"They're now openly acknowledging that they are rolling out a full
throttling process. They plan to have things fully throttled by April
7th. All BT and P2P traffic will be affected. They claim they are
allowed to do so according to their Terms and Services under the Fair
Usage Policy in the tariffed contracts."
Robert Guerra <rgu...@privaterra.ca>
Managing Director, Privaterra
Tel +1 416 893 0377
The Internet is not an unlimited free resource, and pretending that it is
allows the few to ruin it for the many. If you're not familiar with the
phrase "the tragedy of the commons", please look it up.
And if you're a heavy user and don't think you should have to pay any more
than a light user, please don't present selfishness as part of some noble
This is some kind of joke, right? You are aware that every single internet
user is paying for services? To companies like Bell Canada whose revenue
was $4,500,000,000 (not a typo) in the last three months?
> And if you're a heavy user and don't think you should have to pay any
> more than a light user, please don't present selfishness as part of some
> noble cause.
Yes, it's utterly selfish and tragic that someone who has paid for a T1
connection should actually be able to upload and download at 1.544 Mbps.
Why, if they actually use the full capacity of the line, they're just a
bunch of thieves. In fact, any T1 client who uses it more than once a week
to drive to church on Sundays is just a low-down scoundrel, and if they
complain that the line doesn't actually deliver 1.544 Mbps, it's pure
Bell, on the other hand, who sold you that T1 line, shouldn't be held to
actually deliver what they sold. That's not how business works! They
should able to sell T1 lines to everyone without bothering to provision for
it, and just slow down the end-user as necessary to make sure that the 500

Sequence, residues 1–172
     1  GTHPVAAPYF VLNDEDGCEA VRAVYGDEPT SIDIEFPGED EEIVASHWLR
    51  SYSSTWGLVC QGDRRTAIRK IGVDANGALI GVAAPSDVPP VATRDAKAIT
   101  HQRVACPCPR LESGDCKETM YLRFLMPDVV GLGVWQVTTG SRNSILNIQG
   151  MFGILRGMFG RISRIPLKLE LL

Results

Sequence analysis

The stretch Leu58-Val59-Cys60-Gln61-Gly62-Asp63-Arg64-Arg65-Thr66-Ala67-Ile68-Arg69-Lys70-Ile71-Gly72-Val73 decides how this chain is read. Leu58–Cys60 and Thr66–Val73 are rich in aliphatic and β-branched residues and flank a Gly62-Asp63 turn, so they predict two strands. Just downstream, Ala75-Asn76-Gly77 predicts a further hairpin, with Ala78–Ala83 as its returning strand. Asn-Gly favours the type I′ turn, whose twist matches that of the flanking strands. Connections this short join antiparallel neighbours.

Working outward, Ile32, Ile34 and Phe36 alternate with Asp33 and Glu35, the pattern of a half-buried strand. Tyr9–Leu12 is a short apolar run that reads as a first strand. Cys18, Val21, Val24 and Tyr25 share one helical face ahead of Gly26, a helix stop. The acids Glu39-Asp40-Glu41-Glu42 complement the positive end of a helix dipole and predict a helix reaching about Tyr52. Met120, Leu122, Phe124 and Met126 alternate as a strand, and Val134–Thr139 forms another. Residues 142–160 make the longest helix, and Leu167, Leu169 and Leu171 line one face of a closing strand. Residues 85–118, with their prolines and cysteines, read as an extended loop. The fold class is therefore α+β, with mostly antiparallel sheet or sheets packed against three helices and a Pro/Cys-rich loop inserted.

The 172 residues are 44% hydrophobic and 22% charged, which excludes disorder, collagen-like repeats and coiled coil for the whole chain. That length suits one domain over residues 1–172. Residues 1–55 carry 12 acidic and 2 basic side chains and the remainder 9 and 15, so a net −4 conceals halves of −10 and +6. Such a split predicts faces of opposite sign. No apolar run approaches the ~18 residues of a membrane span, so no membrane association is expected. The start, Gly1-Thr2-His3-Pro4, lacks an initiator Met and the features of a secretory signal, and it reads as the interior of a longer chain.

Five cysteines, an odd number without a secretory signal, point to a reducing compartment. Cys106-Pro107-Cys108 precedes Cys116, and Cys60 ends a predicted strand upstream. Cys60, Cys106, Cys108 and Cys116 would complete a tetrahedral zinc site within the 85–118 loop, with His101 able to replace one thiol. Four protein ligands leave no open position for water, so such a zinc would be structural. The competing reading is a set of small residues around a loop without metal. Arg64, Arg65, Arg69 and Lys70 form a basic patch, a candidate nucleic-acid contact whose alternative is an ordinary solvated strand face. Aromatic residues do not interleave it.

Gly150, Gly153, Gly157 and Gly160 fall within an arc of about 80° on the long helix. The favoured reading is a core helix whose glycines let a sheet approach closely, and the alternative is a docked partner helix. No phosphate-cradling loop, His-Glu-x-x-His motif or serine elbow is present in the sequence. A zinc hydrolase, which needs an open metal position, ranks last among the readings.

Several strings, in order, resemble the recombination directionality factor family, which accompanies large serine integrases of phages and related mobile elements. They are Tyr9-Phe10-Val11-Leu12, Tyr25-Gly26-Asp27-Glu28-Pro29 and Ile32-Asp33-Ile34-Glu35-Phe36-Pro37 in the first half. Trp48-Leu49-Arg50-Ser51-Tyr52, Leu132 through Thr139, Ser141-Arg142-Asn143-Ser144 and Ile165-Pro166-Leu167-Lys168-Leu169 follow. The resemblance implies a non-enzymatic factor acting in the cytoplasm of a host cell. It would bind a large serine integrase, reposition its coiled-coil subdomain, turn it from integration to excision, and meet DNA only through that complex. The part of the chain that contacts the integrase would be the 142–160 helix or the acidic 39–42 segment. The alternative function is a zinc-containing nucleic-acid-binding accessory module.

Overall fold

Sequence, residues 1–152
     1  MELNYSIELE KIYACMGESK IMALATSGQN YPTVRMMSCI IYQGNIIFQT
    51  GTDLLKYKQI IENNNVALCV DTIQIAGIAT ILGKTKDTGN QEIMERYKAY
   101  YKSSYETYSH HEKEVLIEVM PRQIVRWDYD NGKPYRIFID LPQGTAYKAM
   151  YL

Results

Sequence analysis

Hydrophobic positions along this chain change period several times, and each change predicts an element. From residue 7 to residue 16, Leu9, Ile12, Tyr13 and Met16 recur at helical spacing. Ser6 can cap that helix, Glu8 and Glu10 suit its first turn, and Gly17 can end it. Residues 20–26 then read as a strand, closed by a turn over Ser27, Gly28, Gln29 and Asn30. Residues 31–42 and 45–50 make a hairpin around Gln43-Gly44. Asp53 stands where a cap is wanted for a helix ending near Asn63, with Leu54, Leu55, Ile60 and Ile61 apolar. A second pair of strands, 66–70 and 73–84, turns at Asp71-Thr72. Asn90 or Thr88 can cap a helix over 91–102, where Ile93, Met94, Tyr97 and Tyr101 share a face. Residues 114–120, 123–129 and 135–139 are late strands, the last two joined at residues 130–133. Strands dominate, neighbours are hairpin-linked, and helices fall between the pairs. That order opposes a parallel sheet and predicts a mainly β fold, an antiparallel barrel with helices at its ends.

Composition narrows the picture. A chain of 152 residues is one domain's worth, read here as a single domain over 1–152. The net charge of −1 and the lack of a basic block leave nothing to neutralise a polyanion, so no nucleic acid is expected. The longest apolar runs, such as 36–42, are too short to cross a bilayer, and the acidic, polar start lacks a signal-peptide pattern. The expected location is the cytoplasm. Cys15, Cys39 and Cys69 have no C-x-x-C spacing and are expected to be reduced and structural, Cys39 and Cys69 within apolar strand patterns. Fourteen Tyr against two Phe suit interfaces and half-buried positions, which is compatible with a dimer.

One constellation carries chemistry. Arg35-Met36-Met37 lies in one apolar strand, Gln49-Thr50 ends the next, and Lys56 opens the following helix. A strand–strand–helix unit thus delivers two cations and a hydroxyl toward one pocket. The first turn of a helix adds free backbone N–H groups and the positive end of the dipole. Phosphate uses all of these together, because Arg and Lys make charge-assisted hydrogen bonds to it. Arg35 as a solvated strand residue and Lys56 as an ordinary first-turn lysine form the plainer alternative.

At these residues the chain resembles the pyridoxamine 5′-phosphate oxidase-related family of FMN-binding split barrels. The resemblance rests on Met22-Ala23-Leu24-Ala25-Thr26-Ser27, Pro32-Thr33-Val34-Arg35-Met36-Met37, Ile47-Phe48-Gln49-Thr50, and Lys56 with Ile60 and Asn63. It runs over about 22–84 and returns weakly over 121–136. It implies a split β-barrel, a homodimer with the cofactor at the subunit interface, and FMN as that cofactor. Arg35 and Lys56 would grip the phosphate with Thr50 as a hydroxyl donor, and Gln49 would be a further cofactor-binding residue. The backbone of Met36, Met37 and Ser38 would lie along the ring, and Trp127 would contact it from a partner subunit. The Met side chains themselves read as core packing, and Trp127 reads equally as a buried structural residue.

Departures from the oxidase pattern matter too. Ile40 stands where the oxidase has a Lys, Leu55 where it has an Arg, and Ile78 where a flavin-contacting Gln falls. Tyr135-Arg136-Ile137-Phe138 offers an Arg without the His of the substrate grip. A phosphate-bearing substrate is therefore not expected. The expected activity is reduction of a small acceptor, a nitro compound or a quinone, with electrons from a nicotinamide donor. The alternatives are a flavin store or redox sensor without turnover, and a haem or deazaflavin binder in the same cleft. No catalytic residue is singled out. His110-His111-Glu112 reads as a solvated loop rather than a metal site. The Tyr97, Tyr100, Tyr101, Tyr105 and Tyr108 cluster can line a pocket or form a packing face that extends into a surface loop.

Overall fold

T1 lines they sold to clients don't exceed the capacity of the one T1 line
they use as an upstream connection. That's just good business practices,
nothing shady in there at all.
Rohan, I'd like to sell you a new car. It will have up to 4 wheels and up
to one engine and up to 4 seats inside. Also, I get to revise the deal any
time after you've purchased the car. I might revise it to have fewer seats
or engines or wheels, but the amount you paid for the car will not be
revised downwards. Don't complain if I revise it though; that's just
selfish. Keep making your monthly payments and STFU.
Not everyone in Canada is familiar with the product offerings in the rest of
the world regarding broadband. In most industrialized nations, you can get
a broadband connection ten times as fast as anything offered in Canada for
half the price, with no throttling. Canadians are paying monopoly prices
(high!) for monopoly levels of service (low!). You can either do something
about this situation or you can be like Rohan, "Thank you sir may I have
If there is going to be an effective response to this, I think it is
important to start defining a few key positions and see if this
community wants to mobilize behind them. Let me propose two to start:
1. Traffic shaping based on type of data stream, the originator or the
destination breaks the common carrier principle and should be opposed
in all forms.
2. Last-mile providers should not be able to use their natural
monopoly to inhibit competition by 3rd party ISPs in any way.
Now, if these are two primary principles, the question is how are
these not broken while addressing very real physical network
limitations? How can those physical network limitations themselves be